18 January 2008

2007 in retrospective: Part II

So with some time off to think, I'm still comfortable with my music choices for 2007. No more revision of lists. Onto #3, Ire Works.

Here's the deal (and by deal, I mean relevant background information): I've never really been into The Dillinger Escape Plan. They're frighteningly good musicians (even when members leave and other ones join in - they're kind of like the New England Patriots of music, an analogy to which I'll return later, in that they plug holes. One guy gets injured, they find someone else, put him in, and what do you know? He's just about as good as the guy he replaced!), clearly extraordinarily smart, and are blessed with one of the best names any band could ever hope for (seriously, Copeland? Lovedrug? The Receiving End of Sirens? Please), but for me the problem always was that they never really felt like a band as much as they felt like a group of guys playing music and singing/screaming/yelping at the same time.

Admittedly, I've only listened to Calculating Infinity the one time, and I know I didn't get it. One of my roommates introduced me to Miss Machine and Converge's You Fail Me at about the same time, and I absolutely took to the boys from Massachusetts more than the Jersey fellows. That was the genesis of my Converge = band, while DEP doesn't theory.

However, I hadn't reckoned with the awesome power of one man: Mike fucking Patton. Faith No More's Mike Patton. Mr. Bungle's Mike Patton. Tomahawk's Mike Patton. Fantomas' Mike Patton.

Dillinger Escape Plan's Mike Patton?

Irony Is A Dead Scene. Funny name for an EP featuring a performer who, I'd say, trades on irony as heavily as anybody in the business. The Dillinger Escape Plan featuring Mike Patton. Irony Is A Dead Scene. Featuring a cover of Aphex Twin's "Come To Daddy." The perfect opportunity for me to give Dillinger the one last shot that, it turns out, they so dearly deserved.

It's worth pointing out that one of the things that I simultaneously love and find frightening about "hardcore" or "metalcore" or "mathcore" (digression alert: I really do hate genre names. When Matt and I can discuss the various qualities of early Helmet music and finally wind up defining their genre as "metal grungecore," I think the ability to label things has far surpassed the usefulness of said label. end digression) is how easily even the best bands can lapse into ridiculous self-parody. Grunting and screeching over fast, caustic music can only get you so far, and the more hardcore you get, the further away you get from what you're trying to accomplish. Even Mudvayne figured that out; unfortunately, once they did, they started to suck.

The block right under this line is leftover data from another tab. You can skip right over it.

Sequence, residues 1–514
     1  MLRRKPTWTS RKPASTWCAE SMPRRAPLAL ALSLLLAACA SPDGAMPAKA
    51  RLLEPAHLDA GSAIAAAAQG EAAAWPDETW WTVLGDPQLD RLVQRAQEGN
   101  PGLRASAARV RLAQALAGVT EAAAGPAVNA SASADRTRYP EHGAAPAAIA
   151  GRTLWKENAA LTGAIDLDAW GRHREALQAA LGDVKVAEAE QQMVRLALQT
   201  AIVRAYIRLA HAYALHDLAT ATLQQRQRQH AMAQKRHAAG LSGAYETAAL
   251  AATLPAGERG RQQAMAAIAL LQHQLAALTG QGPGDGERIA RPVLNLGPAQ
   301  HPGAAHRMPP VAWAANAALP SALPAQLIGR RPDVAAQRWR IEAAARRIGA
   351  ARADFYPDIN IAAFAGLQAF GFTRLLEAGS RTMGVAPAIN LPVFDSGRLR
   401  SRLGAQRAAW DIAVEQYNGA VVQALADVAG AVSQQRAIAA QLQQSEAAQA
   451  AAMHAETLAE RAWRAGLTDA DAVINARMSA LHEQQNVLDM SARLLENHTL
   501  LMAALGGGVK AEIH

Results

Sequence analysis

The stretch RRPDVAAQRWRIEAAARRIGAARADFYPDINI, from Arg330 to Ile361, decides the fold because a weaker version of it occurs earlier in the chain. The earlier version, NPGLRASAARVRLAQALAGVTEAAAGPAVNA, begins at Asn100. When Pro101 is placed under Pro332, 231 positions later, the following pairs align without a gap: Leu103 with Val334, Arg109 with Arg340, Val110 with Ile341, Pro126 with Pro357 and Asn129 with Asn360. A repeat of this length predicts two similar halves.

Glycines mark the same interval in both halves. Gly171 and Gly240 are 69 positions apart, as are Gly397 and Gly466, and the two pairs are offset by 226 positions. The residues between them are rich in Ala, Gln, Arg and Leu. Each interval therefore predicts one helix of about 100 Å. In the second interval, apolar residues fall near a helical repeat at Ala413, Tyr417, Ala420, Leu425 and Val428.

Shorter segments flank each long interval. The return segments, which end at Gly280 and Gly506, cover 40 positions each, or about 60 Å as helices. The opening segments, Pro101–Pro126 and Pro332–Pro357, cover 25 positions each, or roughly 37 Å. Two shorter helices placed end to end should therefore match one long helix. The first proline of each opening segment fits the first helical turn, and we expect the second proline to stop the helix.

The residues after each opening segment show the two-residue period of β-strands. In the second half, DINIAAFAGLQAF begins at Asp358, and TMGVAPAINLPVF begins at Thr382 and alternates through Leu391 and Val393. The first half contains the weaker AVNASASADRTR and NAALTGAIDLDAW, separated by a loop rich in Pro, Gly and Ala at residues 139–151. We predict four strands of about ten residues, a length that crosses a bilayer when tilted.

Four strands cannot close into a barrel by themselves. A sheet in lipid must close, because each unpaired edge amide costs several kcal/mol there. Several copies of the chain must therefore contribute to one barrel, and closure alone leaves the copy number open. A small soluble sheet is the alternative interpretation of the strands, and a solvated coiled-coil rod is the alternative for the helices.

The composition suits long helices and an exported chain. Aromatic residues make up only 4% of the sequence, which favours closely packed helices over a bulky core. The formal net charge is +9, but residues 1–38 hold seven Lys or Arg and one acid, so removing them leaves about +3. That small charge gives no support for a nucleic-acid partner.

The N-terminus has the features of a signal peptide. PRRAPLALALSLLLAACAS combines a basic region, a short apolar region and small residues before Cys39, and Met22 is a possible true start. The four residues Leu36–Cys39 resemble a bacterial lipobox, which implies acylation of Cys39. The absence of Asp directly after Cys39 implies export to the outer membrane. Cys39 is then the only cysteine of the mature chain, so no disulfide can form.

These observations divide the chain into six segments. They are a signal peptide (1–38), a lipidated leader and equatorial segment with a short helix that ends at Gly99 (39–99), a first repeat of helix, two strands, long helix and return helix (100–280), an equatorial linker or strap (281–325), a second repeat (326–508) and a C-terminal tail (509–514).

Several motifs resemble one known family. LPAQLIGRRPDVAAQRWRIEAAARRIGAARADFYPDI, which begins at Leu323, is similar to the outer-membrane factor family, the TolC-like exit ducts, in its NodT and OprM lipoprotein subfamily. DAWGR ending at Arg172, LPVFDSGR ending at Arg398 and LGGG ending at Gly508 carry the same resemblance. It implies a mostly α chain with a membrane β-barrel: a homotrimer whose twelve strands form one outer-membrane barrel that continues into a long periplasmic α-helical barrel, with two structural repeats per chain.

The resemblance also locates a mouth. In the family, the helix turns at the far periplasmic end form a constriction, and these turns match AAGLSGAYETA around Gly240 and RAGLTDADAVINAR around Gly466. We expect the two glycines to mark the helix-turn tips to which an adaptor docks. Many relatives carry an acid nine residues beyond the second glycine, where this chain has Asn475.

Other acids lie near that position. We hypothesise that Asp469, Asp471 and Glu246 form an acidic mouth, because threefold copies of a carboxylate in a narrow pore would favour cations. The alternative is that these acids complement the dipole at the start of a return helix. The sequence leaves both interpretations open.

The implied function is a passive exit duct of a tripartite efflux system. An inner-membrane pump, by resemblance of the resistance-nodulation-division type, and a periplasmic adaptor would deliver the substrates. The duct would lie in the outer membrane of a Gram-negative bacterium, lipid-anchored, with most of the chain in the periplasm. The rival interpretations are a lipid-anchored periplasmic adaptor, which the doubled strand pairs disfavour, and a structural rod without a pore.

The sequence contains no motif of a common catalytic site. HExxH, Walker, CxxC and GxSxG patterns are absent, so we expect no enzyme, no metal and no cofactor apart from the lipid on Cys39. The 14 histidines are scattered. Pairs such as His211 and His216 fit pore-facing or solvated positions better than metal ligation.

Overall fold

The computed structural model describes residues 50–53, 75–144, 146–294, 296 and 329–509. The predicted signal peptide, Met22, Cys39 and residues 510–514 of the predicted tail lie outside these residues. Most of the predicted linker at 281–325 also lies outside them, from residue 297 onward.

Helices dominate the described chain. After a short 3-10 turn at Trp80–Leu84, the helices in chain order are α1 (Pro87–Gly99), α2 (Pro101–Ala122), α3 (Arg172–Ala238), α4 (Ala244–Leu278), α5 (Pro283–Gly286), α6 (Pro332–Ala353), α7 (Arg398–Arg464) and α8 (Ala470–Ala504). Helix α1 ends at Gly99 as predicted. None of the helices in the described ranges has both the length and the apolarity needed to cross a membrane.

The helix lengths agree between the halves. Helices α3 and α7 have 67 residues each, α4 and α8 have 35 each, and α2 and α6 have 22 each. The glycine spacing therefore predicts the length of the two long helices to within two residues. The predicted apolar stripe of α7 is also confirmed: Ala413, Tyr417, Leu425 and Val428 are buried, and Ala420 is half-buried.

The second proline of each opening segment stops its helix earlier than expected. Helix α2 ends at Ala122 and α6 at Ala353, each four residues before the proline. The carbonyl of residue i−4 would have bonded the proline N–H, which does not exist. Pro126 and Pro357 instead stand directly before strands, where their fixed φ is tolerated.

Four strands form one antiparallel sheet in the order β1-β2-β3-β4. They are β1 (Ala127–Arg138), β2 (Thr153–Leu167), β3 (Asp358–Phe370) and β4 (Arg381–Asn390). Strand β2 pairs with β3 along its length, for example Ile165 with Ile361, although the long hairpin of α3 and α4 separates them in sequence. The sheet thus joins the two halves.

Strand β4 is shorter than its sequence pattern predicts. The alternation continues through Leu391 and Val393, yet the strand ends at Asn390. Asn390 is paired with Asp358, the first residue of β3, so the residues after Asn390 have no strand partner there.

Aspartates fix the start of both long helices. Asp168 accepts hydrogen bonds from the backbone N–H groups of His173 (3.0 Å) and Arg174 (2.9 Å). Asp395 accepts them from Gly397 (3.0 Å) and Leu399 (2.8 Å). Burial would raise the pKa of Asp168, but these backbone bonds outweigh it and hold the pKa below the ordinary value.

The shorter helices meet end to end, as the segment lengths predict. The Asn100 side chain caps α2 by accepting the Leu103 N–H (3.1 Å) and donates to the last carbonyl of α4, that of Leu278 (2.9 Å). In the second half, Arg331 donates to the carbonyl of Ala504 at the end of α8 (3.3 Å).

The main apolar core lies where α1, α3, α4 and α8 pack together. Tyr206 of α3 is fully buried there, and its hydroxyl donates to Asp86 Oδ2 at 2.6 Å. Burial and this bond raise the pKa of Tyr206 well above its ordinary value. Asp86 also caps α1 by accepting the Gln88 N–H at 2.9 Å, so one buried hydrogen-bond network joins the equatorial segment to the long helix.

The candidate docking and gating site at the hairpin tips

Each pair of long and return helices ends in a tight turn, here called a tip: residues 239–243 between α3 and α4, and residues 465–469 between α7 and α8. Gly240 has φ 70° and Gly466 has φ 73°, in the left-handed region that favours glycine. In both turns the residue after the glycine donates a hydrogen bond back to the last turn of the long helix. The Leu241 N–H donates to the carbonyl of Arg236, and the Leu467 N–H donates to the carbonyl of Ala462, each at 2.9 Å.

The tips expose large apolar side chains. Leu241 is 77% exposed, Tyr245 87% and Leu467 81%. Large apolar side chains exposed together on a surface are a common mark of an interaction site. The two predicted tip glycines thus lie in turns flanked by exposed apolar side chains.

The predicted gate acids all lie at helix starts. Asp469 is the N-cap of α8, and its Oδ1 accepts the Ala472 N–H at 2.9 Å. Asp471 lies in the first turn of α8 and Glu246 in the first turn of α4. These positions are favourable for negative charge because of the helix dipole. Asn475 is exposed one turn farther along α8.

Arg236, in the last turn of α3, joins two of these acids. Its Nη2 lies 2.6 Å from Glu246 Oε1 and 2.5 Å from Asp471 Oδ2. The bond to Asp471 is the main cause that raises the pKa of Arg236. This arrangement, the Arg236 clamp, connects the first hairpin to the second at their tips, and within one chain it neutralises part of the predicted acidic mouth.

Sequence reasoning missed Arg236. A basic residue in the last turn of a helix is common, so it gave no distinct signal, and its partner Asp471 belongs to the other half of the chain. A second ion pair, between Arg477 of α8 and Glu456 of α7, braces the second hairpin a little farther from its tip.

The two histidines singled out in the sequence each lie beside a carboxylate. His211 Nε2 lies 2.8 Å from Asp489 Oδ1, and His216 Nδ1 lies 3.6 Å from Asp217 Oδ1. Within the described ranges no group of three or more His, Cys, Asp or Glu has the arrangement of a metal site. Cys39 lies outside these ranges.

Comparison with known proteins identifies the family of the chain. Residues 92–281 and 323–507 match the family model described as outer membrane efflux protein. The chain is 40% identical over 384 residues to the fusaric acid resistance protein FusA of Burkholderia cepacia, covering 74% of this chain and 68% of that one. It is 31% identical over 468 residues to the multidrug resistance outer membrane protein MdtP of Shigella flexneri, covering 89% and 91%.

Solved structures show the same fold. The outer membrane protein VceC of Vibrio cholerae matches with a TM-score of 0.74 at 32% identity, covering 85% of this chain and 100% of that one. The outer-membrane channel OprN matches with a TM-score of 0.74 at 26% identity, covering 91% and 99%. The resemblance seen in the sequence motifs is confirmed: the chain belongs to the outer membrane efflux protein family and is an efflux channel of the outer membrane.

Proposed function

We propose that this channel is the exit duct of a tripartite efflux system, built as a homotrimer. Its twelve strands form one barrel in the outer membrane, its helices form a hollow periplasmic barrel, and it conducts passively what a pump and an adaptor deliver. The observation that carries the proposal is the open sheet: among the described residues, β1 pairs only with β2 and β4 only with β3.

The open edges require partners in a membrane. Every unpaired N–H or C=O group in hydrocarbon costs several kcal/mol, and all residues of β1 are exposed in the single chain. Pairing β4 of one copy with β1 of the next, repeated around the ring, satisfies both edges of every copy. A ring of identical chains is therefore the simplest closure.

A sense of humor can be good; part of the reason Godsmack and Creed and all of those "serious" bands suck so much is that they don't have a sense of humor about, well, anything. You can't say Mike Patton doesn't have a sense of humor (and if he is, in fact, dead fucking serious about everything he's ever done... then he's just insane. Anyone who can take the "Rosemary's Baby" track on Fantomas' Director's Cut album seriously is also insane). That sense of humor meshes well with Dillinger's no-holds-barred approach to their music; sometimes the best thing a song can do is dip a toe into the goofy end, and sometimes it's best served by jumping in headfirst.

That, in a roundabout leads me into why I love (and I mean love - in kind of an unhealthy way, really) Ire Works. I think they're looser now; there's a nice and caustic groove to most of the music, something I think Tomahawk would be proud of. There's a freedom to it, a Pats-esque (told you!) fuck-you quality to the music; that is to say that they're making the music they want to make (the freedom of most of these "-core" genres is that as long as you're not perceived as mellowing/selling out, your audience seems to grant you a decent amount of freedom). "Black Bubblegum" is a brilliantly ridiculous song that only a band that loves Mike Patton far too much could write, and its brilliance is only accentuated by the fact that "Fix Your Face" and "Lurch" are among the best true hard, abrasive songs put to disc all year. "Sick On Sunday" transitions the album fantastically well between the openers and the under two-minute burst tracks that comprise the next four cuts.

I'd be remiss if I didn't mention "Milk Lizard" and its horn section. Truly, something that has to be heard to be believed.

Not to short shrift the other tracks at the expense of "Mouth of Ghosts," but this is truly where the album sold me on Dillinger, and maybe even on the future of this sort of music. All the pieces (including the piano!) combine to make one brilliantly unsettling whole, accentuated by the fact that it takes Ire Works' full running time to build up to it. It uses every single second of its 6:50 running time; like I suspected when I heard "Unretrofied" on Miss Machine, harcore with an attention span might not actually be dead.

I know I haven't actually said all that much about Ire Works here, or why I love it so dearly, but maybe I can't. The best it seems I can do is explain everything that led up to my pulling it off a torrent (and subsequently - 24 hours and three listens later, in fact) grabbing it off the shelf at Target (Target!). It's satisfying, it's schizophrenic; it's deathly serious, it's funny as hell. It's good; it's music. It's Dillinger, and maybe a harbinger of what Dillinger's going to become.

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